from VegNews Magazine, May/June 2009. Recipe by Allison Rivers Samson

For the pasta:
4 quarts water
1 tbsp salt
12 ounces ziti (which I couldn’t find at my market, so I used whole wheat penne)
For the tomato sauce:
1 tbsp olive oil
1/2 c onion, diced
1/2 tsp garlic, minced
2 tsp dried oregano
1 tsp dried basil
1/2 tsp dried rosemary
1 28-oz can fire roasted tomato puree (I used chunks)
1 tsp salt
For the ricotta:
1 1/2 c macadamia nuts, soaked in water for a minimum of four hours
1/4 c water
1/8 tsp garlic, minced
1/2 tsp salt
1 tbsp olive oil
For the cashew cream:
3/4 c raw cashews
1/8 tsp dried dill
3/4 tsp salt
1 1/2 tbsp fresh lemon juice
1/3 c water
1/4 tsp rice vinegar
3 tbsp fresh parsley, minced and divided

To prepare the pasta, in a large pot, bring the water and salt to a boil. Add ziti and cook until al dente. In a colander, drain pasta and rinse with cold water. Set aside.

To prepare the sauce, in a large saucepan over medium-high heat, add olive oil and onion, and saute for 10 minutes, stirring frequently, until translucent. Add garlic, oregano, basil, and rosemary. Reduce heat to low. Add tomatoes and cover loosely. Simmer for 30 minutes. Add salt and cook for another 15 minutes.

Preheat oven to 350F. In a food processor, add soaked macadamia nuts, water, garlic, salt, and olive oil. Puree for 1 minute. Scrape down the sides and puree another minute. Repeat until ricotta is light and fluffy. Set aside.

To prepare the cashew cream, in a blender, add cashews and grind into a fine powder. Add dill, salt, lemon juice, water, and rice vinegar, and process until completely smooth.

In a large bowl, toss ziti with marinara sauce and 2 tablespoons of fresh parsley. Gently stir in ricotta, leaving small chunks. Swirl in cashew cream and pour into a deep 9×13-inch casserole dish. Bake for 30 minutes. Serve hot, garnished with fresh parsley. Makes 6-8 big servings.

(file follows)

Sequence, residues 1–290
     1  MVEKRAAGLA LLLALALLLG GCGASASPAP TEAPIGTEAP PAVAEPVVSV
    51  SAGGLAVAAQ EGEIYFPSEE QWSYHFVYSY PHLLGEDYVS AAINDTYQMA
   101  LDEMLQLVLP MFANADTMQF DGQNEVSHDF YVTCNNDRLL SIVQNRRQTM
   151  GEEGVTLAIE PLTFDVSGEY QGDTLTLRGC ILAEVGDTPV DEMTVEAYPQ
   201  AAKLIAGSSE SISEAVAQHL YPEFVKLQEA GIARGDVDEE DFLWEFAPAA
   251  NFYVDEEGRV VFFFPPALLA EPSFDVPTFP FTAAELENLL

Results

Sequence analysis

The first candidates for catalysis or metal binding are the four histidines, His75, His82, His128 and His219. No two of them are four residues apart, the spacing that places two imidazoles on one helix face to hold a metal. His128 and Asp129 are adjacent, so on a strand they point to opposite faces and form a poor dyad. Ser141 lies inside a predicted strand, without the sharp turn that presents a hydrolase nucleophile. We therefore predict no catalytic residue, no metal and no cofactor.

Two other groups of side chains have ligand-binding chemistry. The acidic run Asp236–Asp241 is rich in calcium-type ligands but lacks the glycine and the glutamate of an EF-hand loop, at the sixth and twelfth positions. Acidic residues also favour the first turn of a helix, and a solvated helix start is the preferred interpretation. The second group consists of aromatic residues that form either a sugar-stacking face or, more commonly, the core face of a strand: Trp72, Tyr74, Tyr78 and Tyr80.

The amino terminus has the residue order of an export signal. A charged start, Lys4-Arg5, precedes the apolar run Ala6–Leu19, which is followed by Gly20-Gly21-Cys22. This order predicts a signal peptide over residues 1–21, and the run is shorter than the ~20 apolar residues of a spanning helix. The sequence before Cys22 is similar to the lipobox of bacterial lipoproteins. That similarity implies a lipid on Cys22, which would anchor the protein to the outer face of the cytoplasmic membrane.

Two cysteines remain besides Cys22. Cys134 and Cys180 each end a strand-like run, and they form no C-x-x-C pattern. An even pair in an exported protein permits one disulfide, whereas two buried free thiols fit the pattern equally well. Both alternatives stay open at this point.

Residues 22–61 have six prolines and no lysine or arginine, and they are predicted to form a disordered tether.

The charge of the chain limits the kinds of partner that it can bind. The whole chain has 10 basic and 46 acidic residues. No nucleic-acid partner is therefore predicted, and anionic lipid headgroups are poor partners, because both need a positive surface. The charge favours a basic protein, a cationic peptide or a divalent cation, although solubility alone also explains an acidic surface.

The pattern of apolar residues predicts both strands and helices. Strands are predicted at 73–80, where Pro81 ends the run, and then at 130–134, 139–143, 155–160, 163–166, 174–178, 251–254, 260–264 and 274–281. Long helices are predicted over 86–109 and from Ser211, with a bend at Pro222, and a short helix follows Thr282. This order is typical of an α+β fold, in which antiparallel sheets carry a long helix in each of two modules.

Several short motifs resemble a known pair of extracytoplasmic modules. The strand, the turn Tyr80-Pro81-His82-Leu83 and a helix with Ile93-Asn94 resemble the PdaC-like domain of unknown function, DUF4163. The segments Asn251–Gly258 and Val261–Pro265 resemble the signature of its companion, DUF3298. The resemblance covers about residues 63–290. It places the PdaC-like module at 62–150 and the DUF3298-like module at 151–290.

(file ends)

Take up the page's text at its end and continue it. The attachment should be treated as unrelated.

Prepare to have your mind blown. This dish was so good! Rich, filling, creamy, flavorful… the ricotta alone! I’ll be using that in other dishes for sure.
I started to get really frustrated with all the dishes and the time investment (turns out this is not the best dish to make after putting baby to bed on a weeknight that also happens to be diaper laundering night…), but it was SO WORTH IT. I bet it would freeze well! The leftovers were really tasty two days later. If you don’t mind an extra dish (really, after using the food processor and the blender, what’s one more?), it would shave off some time to cook the pasta while the tomato sauce is cooking. I don’t think I’ve ever had traditional ziti, but the penne seemed like it worked just fine. And perhaps my tomato chunks were a faux pas, but I sure enjoyed them. It made it seem just a little more gourmet, and gave it just a little added texture. And cooking those onions on medium-high heat? No. Try medium at most! It only took a few minutes, and I had to remove the pan from the heat to keep my herbs and garlic from burning. Just a little warning if you try this dish. Which you should. Because it’s BOMB. I can’t believe it took me a year to try this one! I’m going to make a gluten-free version for my sister one of these next few visits. I can’t wait!
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